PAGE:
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Motowidlak - Motowidło
Created by Administrator Account in 2/8/2010 12:30:42 PM


I was wondering if you can give me some history on my last name, Motovidlak. I'm curious how old it is and the nationality of it.

Also, how many Motovidlak's there are. Thank you.

In Polish this name is spelled Motowidlak, pronounced roughly "mo-to-VEED-lock." As of 1990, according to the best data available (the Slownik nazwisk wspolczesnie w Polsce uzywanych, "Directory of Surnames in Current Use in Poland," which covers about 94% of the population of Poland), there were 10 Polish citizens by this name. They lived in the following provinces: Katowice 4, Rzeszow 6. Unfortunately I don't have access to further details such as first names or addresses.

There's one thing you might try. In the July 2000 issue of the Polish-American Journal, the PAJ Answerman suggested one can find individuals or families "by contacting the one office in Poland that has on file the addresses of all people currently living in Poland: Centralne Biuro Adresowe, ul. Kazimierzowska 60, 02-543 Warsaw, POLAND." I have no idea whether this works or not, and it's of no help if a name is scattered all over the country. But in instances where a name is highly concentrated in one area, I pass the info along, because if this Central Address Office does succeed in providing you with addresses, chances are very good those addresses belong to relatives. It's worth a try.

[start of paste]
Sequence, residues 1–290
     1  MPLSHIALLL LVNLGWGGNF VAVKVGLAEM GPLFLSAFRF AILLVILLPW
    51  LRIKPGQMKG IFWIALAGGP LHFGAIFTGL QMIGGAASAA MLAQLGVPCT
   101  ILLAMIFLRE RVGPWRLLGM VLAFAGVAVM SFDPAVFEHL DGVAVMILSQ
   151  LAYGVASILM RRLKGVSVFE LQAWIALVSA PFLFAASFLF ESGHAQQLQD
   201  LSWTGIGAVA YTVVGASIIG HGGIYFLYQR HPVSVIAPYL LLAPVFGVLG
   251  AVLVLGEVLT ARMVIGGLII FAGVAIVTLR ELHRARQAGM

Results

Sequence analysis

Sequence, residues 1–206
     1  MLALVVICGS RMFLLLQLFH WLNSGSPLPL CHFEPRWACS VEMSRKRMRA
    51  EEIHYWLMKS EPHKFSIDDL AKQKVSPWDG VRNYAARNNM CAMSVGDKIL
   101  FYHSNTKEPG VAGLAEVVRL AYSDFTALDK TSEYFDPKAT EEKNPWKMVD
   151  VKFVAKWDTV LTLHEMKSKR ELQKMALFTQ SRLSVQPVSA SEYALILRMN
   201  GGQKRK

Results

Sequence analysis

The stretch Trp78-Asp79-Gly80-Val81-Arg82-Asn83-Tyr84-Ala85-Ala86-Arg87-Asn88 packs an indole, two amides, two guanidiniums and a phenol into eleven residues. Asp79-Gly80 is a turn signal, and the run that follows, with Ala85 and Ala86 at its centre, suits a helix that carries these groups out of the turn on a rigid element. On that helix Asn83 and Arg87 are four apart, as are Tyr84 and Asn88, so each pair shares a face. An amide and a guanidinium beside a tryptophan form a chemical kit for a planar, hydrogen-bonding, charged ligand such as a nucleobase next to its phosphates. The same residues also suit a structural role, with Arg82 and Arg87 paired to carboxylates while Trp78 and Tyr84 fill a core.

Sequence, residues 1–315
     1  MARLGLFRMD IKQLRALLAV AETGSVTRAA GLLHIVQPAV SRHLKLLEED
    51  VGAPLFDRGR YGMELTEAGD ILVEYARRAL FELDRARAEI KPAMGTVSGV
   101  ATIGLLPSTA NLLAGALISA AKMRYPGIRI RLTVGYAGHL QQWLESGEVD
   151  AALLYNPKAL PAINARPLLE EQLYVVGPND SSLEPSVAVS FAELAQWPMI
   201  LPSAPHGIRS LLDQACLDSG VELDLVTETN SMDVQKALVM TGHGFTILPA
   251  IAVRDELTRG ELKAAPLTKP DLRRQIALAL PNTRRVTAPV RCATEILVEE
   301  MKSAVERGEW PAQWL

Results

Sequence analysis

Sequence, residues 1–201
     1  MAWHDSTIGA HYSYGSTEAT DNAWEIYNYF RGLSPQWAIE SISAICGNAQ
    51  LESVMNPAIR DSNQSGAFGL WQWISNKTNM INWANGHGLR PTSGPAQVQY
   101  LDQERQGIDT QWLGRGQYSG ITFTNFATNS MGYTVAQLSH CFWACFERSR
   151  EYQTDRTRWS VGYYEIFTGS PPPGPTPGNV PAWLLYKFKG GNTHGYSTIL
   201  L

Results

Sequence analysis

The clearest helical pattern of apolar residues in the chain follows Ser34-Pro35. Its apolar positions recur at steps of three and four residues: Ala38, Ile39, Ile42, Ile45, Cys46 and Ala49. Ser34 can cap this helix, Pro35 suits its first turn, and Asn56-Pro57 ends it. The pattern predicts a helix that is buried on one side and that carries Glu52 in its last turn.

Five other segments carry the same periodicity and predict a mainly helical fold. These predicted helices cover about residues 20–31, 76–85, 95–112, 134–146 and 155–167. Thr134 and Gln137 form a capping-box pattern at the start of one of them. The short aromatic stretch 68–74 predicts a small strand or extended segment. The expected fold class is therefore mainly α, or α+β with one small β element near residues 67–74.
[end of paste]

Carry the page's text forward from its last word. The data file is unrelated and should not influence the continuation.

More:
Polish name expert Prof. Kazimierz Rymut mentions this name in his book Nazwiska Polakow [The Surnames of Poles]. It comes from the noun motowidło, "a reeling-machine, spool." An ancestor presumably got that name because he made or sold or worked with such a machine. The suffix -ak in surnames generally means "kin of, son of, one associated with," so it seems likely this surname began as a way of referring to the son or kin of one called Motowidło because of a connection with reeling or spooling. The name Motowidło is more common, borne by 361 Poles as of 1990; a diminutive, Motowidełko, "little reel, little spool," was borne by 59 Polish citizens as of 1990.

I am assuming this name is Polish. It could develop in other Slavic languages; I don't know. I deal mainly with Polish names, so that's all I can talk about. Thinking about it, though, it's certainly possible the same name, spelled with a V instead of a W, could develop in other languages, too, such as Czech. It would presumably mean more or less the same thing, however.

Copyright © 2002 W.F. Hoffman. All rights reserved. Used by permission.



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